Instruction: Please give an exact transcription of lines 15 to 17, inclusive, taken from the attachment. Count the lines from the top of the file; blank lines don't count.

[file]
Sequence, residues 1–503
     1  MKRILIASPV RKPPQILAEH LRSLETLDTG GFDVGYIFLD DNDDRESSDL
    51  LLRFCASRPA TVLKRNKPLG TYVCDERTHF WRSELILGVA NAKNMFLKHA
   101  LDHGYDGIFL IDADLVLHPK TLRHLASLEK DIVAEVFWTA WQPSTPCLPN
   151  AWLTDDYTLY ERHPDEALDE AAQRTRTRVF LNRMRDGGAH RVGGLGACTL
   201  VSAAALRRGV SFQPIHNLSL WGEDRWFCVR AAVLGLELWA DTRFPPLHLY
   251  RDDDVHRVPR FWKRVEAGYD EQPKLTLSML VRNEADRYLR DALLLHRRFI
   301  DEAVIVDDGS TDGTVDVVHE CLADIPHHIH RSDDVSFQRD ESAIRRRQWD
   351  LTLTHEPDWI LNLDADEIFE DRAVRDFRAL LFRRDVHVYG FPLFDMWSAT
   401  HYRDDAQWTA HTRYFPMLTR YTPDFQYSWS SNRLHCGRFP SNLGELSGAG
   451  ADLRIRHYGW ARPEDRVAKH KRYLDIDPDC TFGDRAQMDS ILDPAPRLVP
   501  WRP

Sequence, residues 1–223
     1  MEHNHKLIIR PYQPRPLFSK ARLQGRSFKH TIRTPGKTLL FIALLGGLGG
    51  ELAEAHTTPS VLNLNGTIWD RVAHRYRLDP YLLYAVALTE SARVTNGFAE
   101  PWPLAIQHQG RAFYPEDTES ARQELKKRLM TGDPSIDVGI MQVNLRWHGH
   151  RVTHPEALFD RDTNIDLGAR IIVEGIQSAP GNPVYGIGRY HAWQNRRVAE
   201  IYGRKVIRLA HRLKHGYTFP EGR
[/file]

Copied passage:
    51  ELAEAHTTPS VLNLNGTIWD RVAHRYRLDP YLLYAVALTE SARVTNGFAE
   101  PWPLAIQHQG RAFYPEDTES ARQELKKRLM TGDPSIDVGI MQVNLRWHGH
   151  RVTHPEALFD RDTNIDLGAR IIVEGIQSAP GNPVYGIGRY HAWQNRRVAE